Before the split, Grace's rolls stood at about 2,000. Average Sunday attendance had been about 800 people, about the size of the congregation of St. John's Cathedral in Denver.

The diocese froze some parish bank accounts, Crippen said. Breakaway parishioners filed a lawsuit on Good Friday asking the court to determine ownership of the parish's real and personal property.

Clash over motives

The breakaway group contends that it can better care for the property and that the diocese probably can't afford to keep Grace Church, Crippen said.

It costs $20,000 a month to run the church, he estimates. Programs and salaries aside, maintenance and utilities run about $8,000 monthly.

"That is a specious argument. You make that argument when the law is not on your side," said Lawrence Hitt II, chancellor of the diocese.

The parishioners can leave the Episcopal Church - but they can't take Grace Church with them, Hitt said. The exit, he added, appears to be motivated less by theology and more by a desire to salvage Armstrong's ministerial career.

By late May, parishioners remaining at Grace with Armstrong had ratified the church vestry decision to join the African mission by a vote of 342 to 28.

The group chose to align themselves with the Convocation of Anglicans in North America, CANA, a mission of the 17-million-member Nigerian Anglican Church.

The Diocese of Nigeria, the largest, after Great Britain, of Anglican Communion's 38 provinces, holds itself out as a safe harbor for conservative congregations estranged from North American dioceses. CANA, founded in 2005, now includes 37 churches in 15 states and the District of Columbia.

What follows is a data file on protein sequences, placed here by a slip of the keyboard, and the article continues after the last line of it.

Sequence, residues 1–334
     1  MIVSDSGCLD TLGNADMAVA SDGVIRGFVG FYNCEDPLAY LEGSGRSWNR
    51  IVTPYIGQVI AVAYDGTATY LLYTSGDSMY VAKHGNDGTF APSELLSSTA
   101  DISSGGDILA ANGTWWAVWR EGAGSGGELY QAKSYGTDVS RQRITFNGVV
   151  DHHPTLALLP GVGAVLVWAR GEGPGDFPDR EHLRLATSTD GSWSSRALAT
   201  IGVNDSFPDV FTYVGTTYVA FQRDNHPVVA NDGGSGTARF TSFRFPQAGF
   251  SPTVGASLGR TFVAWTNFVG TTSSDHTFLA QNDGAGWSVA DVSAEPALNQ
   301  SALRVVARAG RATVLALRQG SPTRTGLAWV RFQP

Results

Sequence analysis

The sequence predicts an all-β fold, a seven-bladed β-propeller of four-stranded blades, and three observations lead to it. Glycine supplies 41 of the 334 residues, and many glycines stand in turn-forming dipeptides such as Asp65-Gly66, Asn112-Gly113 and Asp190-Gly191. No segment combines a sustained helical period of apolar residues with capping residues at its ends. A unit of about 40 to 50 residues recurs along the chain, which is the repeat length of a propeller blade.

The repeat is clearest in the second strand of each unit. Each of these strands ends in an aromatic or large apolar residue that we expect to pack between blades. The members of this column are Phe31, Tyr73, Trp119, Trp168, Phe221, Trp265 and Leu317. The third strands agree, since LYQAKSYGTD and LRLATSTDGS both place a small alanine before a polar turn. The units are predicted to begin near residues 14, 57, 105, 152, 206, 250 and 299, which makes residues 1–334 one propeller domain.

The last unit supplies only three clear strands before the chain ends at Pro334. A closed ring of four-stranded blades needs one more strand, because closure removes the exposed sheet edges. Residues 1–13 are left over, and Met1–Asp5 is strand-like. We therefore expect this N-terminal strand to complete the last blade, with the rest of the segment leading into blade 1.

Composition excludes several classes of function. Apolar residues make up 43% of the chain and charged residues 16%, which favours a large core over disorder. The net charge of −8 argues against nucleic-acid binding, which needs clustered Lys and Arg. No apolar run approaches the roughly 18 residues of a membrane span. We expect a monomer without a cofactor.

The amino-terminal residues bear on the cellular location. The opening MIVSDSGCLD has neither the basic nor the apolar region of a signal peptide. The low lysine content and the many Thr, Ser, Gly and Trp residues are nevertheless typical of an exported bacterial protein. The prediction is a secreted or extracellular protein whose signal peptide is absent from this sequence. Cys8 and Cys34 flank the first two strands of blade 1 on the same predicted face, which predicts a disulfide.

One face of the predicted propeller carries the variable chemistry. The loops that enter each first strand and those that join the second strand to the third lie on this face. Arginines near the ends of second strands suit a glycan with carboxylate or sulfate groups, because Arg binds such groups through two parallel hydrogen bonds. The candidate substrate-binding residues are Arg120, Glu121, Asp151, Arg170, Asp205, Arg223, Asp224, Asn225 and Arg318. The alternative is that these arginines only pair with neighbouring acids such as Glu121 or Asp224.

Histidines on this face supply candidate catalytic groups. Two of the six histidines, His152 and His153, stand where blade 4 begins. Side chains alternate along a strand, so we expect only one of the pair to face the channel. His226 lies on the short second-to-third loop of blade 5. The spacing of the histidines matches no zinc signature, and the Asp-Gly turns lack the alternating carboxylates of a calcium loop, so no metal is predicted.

Another African group - the 7-year-old Anglican Mission in the Americas - with oversight from Rwanda's Anglican province, claims affiliation with 116 congregations in North America, including 13 in Colorado, from Cortez to Broomfield.

Altogether, at least 200 of 7,200 Episcopal congregations in North America have aligned themselves with overseas provinces.

"Within the Episcopal Church, there is a lack of ability to draw clear boundaries ... regarding what is true and faithful to what God has revealed," said associate pastor Rob Paris of the Wellspring Anglican Church in Englewood, which is affiliated with the Rwanda mission.

Among the questions of orthodoxy, the congregations have split on how literally to interpret Scripture, whether Jesus' resurrection was a physical fact or a spiritual symbol, and whether the Bible forbids homosexuality.

Whatever the reason for churches leaving, the Colorado diocese said the legal precedent in this state is very clear since the 1986 Colorado Supreme Court decision Bishop and Diocese of Colorado vs. Mote. When a faction within an Episcopal parish seeks to secede from the Episcopal Church, the property of the parish is held in trust by the local church for the general church and may not be taken by the seceding faction.

A hearing on the Grace dispute is set for October in district court in El Paso County.

"We love the building, but it's not an idol for us. It's a home, a heritage, but at the end of the day, the church is not a building," Crippen said. "It's the people." If the diocese gets the building, Crippen predicts, it likely will have to sell it. Hitt said there is no basis to that claim.

Still, Crippen worries that Grace Church could suffer the same fate as the former St. Mark's at 12th Avenue and Lincoln Street in Denver, where a congregation seceded a decade ago over ordination of women priests.

"It's a nightclub now," he said. "There are some who fear that might be our destiny."

Nightclub, Schmightclub - as long as you're on the road to recovery. Or something.